Attention, celebrities of Earth: let Ashton Kutcher's mistake (and man, was it a big one) be a lesson to you all—think before you tweet. Or at the very least, have some grasp of knowledge about a topic before sounding off.
Unfortunately for him, Ashton did neither last night, and felt the full rage of the Twitterverse unlike any backlash he's endured before (and people thought that sordid tabloid scandal was bad for his image).
So what caused this avalanche of Twitter hate to flow to the tweeter formerly known as aplusk?
Oh, just a little defense of those at the center of a burgeoning child-abuse sex scandal.
"How do you fire Jo Pa?" Kutcher tweeted last night in a message that has since (along with several others) been deleted from his feed. "#insult #noclass as a hawkeye fan I find it in poor taste."
Unfortunately for Kutcher, he wasn't the only one who was offended by poor taste last night.
The response was not only quick but unrelenting as the actor's 8 million followers seemed to act as one, lambasting the star for clearly not being aware of the finer details (heck, even the larger details) surrounding the scandal.
Joe Paterno, the beloved, long-running and winningest coach in major college football history, was fired from Penn State Wednesday night. But clearly unbeknownst to Kutcher, it was not over "a football thing," but rather over concerns that Paterno did not do everything in his power to stop alleged serial pedophile and former assistant coach Jerry Sandusky, who was arrested over the weekend and accused of sexually abusing eight boys over a 15-year span.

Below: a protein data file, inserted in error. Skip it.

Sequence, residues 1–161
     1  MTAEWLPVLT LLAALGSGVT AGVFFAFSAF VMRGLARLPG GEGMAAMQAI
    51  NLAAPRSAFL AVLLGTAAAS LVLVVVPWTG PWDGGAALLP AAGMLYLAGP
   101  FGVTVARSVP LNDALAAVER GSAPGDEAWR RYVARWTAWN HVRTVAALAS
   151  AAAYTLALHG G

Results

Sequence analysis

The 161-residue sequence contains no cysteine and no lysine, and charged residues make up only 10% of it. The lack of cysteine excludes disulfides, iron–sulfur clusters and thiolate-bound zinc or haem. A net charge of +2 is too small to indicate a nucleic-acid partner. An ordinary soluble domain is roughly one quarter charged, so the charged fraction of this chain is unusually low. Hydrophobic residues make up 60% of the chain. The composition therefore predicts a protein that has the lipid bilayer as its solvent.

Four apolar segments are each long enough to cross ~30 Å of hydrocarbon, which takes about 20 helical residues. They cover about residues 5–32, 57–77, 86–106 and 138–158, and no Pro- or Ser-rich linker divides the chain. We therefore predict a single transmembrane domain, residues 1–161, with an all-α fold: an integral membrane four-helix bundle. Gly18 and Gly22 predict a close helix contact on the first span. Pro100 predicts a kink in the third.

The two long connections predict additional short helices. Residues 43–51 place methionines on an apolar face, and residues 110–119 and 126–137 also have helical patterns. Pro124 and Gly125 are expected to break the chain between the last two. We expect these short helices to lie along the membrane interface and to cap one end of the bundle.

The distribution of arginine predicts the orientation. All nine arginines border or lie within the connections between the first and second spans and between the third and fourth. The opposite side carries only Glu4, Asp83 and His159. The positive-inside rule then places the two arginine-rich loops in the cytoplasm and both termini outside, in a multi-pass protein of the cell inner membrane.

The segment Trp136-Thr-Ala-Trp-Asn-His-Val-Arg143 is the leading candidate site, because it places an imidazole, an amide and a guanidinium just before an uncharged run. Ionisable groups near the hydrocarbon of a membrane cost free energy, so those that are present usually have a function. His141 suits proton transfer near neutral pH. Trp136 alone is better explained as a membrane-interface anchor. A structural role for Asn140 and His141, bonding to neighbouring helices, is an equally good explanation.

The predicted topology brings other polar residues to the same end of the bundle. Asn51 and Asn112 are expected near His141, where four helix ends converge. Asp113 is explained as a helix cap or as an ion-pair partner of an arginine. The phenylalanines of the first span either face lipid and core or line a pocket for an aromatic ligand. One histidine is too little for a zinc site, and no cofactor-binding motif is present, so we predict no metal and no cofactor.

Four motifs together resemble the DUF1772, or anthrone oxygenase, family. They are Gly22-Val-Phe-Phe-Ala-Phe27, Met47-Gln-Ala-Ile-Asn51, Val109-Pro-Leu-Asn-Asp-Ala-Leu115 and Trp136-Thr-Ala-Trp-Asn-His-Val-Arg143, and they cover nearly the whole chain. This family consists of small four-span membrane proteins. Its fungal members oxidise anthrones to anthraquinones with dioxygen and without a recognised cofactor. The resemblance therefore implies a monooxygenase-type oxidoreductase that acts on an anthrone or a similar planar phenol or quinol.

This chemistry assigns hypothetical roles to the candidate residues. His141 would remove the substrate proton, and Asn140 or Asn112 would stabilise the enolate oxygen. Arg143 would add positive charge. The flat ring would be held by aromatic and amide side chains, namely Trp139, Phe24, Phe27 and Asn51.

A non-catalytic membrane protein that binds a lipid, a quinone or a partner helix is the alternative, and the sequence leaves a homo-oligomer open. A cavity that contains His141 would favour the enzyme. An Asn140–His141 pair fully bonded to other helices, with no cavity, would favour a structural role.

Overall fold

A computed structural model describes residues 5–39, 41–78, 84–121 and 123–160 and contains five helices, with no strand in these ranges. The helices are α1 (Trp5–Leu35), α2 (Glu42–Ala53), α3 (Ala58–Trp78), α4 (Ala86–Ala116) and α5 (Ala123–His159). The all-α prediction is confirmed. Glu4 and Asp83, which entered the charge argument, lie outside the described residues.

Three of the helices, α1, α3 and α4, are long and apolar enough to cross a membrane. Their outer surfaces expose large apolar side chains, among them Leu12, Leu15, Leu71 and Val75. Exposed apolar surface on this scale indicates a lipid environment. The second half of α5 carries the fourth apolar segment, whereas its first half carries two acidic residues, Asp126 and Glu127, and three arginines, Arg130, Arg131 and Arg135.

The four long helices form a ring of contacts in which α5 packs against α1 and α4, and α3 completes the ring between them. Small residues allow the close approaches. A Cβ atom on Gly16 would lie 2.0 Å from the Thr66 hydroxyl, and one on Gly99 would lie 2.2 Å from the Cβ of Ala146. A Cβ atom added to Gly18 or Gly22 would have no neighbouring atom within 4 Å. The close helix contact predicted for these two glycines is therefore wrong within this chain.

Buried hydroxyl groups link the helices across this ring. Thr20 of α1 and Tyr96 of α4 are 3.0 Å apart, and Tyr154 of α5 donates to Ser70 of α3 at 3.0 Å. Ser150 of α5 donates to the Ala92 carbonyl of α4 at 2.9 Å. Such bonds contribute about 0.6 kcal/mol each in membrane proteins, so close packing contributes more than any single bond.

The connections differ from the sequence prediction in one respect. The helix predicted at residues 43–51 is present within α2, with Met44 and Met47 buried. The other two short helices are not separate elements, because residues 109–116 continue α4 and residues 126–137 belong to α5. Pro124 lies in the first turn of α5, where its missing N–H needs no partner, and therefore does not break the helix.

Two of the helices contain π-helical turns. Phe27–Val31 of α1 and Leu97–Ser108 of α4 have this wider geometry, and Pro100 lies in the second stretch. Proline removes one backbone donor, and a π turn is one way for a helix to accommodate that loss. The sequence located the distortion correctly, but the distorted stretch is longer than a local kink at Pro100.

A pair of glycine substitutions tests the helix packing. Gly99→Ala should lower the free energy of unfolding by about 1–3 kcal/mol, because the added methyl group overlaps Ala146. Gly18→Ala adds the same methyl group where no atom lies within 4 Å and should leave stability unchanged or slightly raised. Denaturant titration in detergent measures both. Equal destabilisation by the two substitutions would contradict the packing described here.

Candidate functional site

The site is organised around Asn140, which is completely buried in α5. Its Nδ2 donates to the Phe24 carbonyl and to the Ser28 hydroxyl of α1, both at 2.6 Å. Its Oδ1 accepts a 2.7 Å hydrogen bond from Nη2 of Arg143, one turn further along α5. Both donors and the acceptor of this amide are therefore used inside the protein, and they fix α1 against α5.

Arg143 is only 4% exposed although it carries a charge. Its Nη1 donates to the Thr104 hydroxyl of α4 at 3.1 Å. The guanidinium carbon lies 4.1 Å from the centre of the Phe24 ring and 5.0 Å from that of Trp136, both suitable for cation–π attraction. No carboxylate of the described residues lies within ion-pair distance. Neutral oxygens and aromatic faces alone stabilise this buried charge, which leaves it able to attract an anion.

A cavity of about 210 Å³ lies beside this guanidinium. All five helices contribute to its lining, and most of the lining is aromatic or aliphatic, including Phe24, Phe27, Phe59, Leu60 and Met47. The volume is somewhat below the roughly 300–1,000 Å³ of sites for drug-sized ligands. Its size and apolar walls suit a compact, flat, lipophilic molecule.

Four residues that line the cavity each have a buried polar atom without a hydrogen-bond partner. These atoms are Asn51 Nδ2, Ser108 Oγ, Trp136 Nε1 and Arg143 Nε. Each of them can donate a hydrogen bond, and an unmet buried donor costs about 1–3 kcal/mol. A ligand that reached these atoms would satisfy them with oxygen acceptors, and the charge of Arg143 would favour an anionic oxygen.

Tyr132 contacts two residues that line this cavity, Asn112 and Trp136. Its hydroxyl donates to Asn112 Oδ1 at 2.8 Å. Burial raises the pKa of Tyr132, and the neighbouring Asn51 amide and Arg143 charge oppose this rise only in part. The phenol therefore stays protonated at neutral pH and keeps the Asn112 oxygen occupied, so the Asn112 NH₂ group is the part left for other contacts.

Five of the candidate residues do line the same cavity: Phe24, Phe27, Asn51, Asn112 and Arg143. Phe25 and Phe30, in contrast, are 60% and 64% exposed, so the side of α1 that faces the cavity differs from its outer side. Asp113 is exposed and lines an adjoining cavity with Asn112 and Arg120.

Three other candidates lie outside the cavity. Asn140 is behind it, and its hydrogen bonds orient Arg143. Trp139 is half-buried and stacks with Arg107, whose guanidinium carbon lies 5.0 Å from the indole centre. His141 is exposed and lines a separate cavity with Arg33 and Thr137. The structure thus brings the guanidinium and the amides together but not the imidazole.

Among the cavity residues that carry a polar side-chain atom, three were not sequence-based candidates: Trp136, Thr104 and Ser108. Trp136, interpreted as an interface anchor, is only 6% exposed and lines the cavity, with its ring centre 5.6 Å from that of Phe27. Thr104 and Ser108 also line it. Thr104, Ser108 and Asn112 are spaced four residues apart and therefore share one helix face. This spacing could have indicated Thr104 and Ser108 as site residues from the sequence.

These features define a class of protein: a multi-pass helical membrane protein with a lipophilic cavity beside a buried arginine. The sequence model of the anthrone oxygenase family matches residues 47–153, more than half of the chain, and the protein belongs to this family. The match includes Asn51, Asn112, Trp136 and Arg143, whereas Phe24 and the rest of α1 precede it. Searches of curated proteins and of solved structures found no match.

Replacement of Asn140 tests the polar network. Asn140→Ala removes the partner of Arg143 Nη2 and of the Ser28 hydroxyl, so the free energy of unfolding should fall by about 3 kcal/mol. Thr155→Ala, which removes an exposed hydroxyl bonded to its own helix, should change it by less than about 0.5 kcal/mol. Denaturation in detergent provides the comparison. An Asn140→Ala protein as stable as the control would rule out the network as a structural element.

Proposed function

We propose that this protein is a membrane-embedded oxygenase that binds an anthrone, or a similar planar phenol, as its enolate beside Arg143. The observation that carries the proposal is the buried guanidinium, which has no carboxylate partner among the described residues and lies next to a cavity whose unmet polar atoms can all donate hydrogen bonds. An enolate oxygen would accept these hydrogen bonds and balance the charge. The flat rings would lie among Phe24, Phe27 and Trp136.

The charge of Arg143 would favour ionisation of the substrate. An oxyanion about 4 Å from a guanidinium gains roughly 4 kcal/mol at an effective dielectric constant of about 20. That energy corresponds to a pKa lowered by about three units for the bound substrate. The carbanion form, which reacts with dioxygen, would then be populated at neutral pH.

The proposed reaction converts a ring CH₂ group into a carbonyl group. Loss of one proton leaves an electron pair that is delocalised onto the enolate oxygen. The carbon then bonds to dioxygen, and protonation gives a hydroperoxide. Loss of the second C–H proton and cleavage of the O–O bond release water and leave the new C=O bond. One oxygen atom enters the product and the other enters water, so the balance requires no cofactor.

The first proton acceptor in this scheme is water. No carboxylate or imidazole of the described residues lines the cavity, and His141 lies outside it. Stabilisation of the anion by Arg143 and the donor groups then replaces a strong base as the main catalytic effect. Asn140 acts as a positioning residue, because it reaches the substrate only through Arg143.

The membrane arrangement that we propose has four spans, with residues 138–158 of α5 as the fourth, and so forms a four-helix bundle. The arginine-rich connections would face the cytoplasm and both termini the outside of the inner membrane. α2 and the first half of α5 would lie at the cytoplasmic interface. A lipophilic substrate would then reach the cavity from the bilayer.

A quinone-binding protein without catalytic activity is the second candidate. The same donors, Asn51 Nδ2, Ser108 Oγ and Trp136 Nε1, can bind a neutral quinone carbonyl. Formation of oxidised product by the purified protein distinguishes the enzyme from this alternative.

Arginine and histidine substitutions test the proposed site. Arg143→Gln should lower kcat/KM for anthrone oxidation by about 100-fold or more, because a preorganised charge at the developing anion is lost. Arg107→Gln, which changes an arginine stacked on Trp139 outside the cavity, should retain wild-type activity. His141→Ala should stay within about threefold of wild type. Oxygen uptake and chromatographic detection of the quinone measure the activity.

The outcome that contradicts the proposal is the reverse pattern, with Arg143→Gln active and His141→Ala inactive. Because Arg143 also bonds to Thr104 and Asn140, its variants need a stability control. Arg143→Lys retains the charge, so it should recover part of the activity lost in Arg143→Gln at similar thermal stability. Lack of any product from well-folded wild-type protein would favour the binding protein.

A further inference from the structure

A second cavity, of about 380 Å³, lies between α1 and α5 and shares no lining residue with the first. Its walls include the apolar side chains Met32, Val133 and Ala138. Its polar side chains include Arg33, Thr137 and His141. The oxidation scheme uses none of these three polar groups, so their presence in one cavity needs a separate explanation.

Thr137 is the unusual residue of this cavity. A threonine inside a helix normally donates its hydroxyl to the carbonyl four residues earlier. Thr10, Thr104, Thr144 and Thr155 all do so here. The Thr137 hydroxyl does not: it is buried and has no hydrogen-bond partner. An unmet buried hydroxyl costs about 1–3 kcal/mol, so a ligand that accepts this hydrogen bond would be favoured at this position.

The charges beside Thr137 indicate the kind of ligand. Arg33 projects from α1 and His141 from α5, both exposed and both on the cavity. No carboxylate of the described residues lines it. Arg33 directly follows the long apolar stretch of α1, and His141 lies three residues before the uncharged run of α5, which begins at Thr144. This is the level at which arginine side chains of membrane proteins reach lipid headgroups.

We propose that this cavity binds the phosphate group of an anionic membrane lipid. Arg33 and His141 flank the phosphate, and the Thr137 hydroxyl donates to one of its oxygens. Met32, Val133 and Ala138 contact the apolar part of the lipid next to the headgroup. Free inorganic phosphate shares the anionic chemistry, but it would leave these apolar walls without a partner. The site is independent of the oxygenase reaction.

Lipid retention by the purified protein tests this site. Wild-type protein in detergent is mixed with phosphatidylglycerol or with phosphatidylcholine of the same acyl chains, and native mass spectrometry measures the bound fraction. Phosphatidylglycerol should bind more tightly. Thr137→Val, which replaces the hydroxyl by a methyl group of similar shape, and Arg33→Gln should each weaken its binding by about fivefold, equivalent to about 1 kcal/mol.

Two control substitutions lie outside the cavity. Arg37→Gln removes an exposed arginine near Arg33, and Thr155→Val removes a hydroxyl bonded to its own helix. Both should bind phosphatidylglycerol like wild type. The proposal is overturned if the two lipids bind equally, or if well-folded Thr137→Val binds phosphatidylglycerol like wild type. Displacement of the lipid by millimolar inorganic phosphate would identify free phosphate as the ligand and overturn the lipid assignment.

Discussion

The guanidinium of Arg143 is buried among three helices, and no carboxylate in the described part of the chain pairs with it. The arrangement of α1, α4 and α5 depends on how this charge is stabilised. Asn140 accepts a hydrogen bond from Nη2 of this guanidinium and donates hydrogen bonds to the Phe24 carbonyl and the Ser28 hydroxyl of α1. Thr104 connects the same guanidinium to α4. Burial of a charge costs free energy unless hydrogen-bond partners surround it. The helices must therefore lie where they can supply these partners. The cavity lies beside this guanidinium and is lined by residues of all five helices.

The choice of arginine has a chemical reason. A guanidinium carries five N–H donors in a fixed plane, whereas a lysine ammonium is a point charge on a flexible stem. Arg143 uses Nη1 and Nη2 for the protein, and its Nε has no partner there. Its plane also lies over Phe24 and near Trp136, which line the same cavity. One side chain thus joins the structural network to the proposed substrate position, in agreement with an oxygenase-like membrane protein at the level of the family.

Needless to say, Kutcher was quickly made aware of his ill-informed gaffe through such constructive and heavily RT'd comments as:
"Ashton Kutcher: Against child trafficking unless it involves college football."
"Ashton Kutcher and Rick Perry should just hold each other till the sun rises."
"The only good to come from the Penn State scandal: Ashton Kutcher has stopped tweeting. #PSU"
"This will not be a good 15-to-20 minutes to be Ashton Kutcher. Then back to normal, I'd assume."
Needless to say, the message was received loud and clear, and Kutcher—credit to him—quickly acknowledged his mistake and began retweeting some of his more hateful, "idiot"-fueled comments by way of agreeing with them and showing his remorse, responding to one tweeter who, speaking for many, presumably, asked where he'd been the past three days to be so wholly uninformed on the national scandal. "Working" was the reply.
"Had no idea, thought it was a football thing," he began, in a series of tweets that has also since been deleted. "Heard Joe was fired, fully recant previous tweet! Didn't have full story. #admitwhenyoumakemistakes"
He then went into more formal apology mode.
"As an advocate in the fight against child sexual exploitation, I could not be more remorseful for all involved in the Penn St. case," he tweeted.
"As of immediately I will stop tweeting until I find a way to properly manage this feed. I feel awful about this error. Won't happen again."
For his sake, we hope not.